You’ve undoubtedly heard the expression “feed a cold, starve a fever.” But health care experts almost uniformly dismiss that adage as nothing but an old wives’ tale.
“I don’t know any health care provider who would tell somebody not to eat,” says Sophia Thomas, a family nurse practitioner in New Orleans, La. “Good nutrition is probably more important when you’re sick than ever.”
There’s not one magic food that will make everyone feel better, says Joan Salge Blake, registered dietitian and spokeswoman for the Academy of Nutrition and Dietetics. Because most people don’t eat much when they feel lousy, she suggests they eat whatever foods appeal to them, just to take in some calories.
But health care practitioners agree that the most important thing to consume when you’re sick with a cold or fever is plenty of fluids. “The appetite comes back once the person starts feeling better, so hydration is the key,” Thomas says.
Here are some suggestions for the foods and drinks most likely to make you feel better:
Soup. It’s a cliché for a reason:Chicken soup contains those crucial fluids, as well as some vegetables and lean protein. Some studies have even shown that it has some medicinal benefit, although no one is exactly sure why. Researchers from the University of Nebraska Medical Center theorized in 2000 that the ingredients in the soup slowed the movement of infection-fighting cells in the body. But pretty much any similar broth-based soup will have a similar effect, Blake says. “And soup is a very warm, comforting type of food,” she added.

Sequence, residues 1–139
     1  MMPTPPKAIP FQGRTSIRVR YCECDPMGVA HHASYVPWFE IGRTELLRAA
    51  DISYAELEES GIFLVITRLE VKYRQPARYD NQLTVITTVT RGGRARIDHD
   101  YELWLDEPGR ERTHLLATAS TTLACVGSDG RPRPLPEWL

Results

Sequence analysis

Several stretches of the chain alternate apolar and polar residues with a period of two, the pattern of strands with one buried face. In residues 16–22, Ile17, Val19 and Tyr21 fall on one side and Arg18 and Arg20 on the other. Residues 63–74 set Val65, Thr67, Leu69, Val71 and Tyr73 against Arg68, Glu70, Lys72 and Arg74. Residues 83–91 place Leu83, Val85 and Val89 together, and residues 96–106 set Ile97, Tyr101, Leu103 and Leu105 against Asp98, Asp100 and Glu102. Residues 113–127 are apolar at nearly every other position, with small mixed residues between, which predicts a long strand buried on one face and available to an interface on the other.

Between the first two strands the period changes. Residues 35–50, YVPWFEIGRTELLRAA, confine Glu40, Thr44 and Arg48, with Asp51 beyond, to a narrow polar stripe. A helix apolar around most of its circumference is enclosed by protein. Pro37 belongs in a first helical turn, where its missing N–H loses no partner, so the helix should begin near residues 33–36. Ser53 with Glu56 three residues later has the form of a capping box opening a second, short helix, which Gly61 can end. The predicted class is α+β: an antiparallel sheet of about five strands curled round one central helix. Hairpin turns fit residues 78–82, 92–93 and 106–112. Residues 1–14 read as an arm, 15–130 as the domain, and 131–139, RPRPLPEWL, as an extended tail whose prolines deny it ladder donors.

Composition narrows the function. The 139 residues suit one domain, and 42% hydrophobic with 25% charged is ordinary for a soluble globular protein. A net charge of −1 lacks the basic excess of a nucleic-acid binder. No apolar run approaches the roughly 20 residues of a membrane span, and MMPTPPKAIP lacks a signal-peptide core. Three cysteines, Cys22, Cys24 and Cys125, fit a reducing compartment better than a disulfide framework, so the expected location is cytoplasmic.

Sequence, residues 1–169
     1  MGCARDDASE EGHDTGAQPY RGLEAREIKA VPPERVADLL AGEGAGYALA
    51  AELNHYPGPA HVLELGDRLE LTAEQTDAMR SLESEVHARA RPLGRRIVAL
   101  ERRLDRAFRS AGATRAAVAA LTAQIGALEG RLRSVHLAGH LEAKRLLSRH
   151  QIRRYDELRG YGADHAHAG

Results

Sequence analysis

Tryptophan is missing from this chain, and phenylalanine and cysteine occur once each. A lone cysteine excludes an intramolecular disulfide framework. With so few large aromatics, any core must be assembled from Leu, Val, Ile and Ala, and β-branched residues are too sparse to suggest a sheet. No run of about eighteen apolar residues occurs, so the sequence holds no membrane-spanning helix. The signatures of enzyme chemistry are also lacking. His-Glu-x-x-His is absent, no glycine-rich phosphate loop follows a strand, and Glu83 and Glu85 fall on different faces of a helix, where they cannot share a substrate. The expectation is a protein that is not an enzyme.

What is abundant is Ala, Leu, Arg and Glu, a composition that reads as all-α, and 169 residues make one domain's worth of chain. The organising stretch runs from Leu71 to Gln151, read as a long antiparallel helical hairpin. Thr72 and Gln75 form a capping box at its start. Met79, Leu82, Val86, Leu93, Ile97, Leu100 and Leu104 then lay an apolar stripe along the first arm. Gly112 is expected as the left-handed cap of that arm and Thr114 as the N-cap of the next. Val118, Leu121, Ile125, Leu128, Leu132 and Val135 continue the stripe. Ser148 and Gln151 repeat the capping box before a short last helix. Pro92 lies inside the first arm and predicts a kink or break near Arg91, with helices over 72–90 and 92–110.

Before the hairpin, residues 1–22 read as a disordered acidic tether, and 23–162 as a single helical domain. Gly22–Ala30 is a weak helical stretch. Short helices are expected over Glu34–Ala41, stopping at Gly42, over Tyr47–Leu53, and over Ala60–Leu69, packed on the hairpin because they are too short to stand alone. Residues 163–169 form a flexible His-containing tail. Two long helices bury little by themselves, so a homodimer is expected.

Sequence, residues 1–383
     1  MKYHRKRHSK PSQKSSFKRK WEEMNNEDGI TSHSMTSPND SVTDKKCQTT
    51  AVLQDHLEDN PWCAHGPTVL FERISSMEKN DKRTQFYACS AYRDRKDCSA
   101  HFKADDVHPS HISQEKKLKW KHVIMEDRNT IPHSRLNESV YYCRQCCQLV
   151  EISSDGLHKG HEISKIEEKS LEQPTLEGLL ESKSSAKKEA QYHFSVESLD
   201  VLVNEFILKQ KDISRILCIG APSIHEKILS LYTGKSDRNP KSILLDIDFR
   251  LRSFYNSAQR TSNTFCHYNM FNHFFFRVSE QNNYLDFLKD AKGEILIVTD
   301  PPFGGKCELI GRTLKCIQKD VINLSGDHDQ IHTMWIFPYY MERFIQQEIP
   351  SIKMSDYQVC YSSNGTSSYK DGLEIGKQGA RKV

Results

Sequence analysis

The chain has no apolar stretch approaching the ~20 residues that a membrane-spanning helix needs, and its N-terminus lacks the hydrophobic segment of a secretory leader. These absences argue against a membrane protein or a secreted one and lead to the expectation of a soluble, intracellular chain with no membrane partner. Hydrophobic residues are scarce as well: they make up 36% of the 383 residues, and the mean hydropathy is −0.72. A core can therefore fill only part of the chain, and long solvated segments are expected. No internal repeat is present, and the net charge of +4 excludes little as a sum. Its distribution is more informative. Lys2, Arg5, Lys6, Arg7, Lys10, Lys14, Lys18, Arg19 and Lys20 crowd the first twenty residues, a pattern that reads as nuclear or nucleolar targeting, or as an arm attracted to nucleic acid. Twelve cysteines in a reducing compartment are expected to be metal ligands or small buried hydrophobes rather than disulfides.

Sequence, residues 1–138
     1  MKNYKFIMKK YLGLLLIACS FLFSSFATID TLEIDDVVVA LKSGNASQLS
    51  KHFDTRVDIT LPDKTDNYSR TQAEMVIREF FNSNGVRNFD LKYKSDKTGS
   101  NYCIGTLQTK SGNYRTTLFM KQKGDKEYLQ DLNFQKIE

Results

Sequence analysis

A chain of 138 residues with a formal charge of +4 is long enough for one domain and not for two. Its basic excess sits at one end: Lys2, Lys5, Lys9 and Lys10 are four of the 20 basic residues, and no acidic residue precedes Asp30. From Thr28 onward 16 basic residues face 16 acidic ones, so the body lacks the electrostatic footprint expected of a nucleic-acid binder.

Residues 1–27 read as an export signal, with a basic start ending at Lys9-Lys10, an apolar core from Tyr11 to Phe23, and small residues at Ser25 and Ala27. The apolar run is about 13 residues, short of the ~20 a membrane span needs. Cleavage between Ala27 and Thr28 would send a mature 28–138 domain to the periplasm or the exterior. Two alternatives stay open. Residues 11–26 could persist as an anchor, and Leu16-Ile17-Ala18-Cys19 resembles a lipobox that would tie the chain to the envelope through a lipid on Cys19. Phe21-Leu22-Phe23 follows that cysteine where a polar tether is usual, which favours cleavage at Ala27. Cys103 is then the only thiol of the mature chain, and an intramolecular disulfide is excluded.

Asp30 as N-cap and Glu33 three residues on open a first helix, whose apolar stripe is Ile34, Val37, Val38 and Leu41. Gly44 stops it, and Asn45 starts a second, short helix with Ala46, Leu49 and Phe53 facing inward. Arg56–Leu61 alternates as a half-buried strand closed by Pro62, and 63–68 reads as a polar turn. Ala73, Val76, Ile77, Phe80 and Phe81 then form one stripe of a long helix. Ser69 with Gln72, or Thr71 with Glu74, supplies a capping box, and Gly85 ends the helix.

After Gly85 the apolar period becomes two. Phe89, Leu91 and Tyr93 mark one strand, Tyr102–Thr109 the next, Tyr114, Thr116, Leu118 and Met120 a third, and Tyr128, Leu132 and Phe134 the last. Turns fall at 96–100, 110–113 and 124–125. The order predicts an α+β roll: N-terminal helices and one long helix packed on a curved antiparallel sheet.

Whole foods. When you do feel like eating, try to stick to nutritious foods as much as possible to take full advantage of nature’s healing powers. “Try to get as close to the real food as you can,” says nurse practitioner Angela Golden, president-elect of the American Academy of Nurse Practitioners. “If you get orange juice, make sure you get 100 percent orange juice…not sugared orange-flavored drinks.”
Healthy “treats.” Stock up on healthy snacks that seem a little special. “They may entice you to eat more,” says Blake, who prefers to keep bags of frozen mango slices in her freezer for just such occasions. Avoid high-calorie snacks that don’t pack much nutritional punch. It won’t harm you to eat cookies or chips, but it won’t help you, either.
Protein or nutrition shakes. Hungry but nothing sounds good? This is one time it’s OK to drink your calories, as long as they’re beneficial ones. Thomas suggests a beverage like Ensure or Carnation Instant Breakfast for energy and extra vitamins and minerals.
Caffeine-free drinks. You should drink lots of liquids when you’re sick, but caffeine is a diuretic, so coffee and caffeinated tea will just drain your body of fluids. Steer clear of alcohol for the same reason, even though you may be feeling better—it could slow your recovery.
Hot beverages. They’ll replenish fluids, soothe a sore throat and even open up sinuses.
Golden recommends choosing a decaffeinated tea, like jasmine or mint, which also doesn’t need a lot of sweetener.